Man with a EEG on his head recording brain activity. He is looking at a screen.

An EEG machine picks up activity in the brain while a volunteer watches a video game. Image: University of Washington

Written by Julia Cleghorn

“Pass the salt, please.” We can direct other people’s behaviour by talking. And to talk, we have to think about what we want to say. But, what if you could skip the talking? Scientists are looking into the possibilities of one person controlling the movements of another – using only their thoughts.

Minds and hands

Researchers from the University of Washington hope to explore new ways for humans to communicate with each other. They have set up a demonstration in which a video game is played using the brain of one person – and the hand of another.

The researchers used two machines in the demonstration. The first, an electroencephalography (EEG) machine, picks up activity in the brain. The second, a transcranial magnetic stimulation (TMS) coil, delivers information to another brain using pulses of electricity.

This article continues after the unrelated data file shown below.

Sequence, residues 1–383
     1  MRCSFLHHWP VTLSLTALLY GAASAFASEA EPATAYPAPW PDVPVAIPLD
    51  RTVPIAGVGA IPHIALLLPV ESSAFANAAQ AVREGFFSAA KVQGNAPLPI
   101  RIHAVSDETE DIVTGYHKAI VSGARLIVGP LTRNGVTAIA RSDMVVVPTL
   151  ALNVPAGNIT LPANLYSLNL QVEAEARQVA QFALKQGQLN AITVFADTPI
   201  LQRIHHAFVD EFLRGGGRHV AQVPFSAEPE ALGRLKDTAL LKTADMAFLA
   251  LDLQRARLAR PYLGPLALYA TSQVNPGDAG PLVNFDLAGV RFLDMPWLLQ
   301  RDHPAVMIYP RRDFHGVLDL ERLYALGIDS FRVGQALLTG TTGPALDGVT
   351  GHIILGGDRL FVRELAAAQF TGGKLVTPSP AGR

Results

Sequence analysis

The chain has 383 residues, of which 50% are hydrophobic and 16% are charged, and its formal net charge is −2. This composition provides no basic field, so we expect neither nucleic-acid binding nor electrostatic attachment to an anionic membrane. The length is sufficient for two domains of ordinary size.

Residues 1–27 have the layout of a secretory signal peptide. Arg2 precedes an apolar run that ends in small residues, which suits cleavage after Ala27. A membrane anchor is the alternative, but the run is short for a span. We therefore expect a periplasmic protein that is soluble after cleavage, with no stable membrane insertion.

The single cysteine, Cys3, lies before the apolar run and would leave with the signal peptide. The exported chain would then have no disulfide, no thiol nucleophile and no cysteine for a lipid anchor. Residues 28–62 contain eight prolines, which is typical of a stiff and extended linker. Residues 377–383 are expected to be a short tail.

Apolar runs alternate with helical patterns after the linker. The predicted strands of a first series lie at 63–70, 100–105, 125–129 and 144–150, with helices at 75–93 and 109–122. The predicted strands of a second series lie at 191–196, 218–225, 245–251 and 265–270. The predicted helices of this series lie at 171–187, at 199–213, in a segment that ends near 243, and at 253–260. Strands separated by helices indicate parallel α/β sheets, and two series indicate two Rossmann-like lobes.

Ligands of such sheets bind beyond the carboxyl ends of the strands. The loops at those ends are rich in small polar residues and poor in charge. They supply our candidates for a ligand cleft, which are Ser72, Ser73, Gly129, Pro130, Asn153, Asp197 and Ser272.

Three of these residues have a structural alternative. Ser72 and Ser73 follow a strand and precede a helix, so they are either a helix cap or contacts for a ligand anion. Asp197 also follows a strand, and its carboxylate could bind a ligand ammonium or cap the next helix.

Game on

To play the video game, people had to fire cannons at the right time.

One volunteer, or ‘sender’, watched the game. When they thought about firing a cannon, their brain activity was picked up by the EEG. The electrical signals were sent to the TMS coil, which was positioned over the brain of the ‘receiver’ volunteer.

The receiver was sitting in another room with their hand positioned over the game’s control pad. When the TMS coil fired, the receiver’s hand moved, hitting the control pad and firing the cannon.

Just the beginning

Dr Marc Kamke, Research Fellow from the Queensland Brain Institute, says the demonstration is a good example of what neuroscientists can do and the techniques they can use.

Marc adds that the demonstration setup was novel, but doesn’t add a lot to what neuroscientists already know. The brain-to-brain connection was also very specific to the setup, and if the TMS was positioned over another part of the brain – for example, the visual cortex – it would have caused the receiver to see flashes of light.

The University of Washington researchers are next looking to transmit more complex processes, such as concepts, thoughts and rules.

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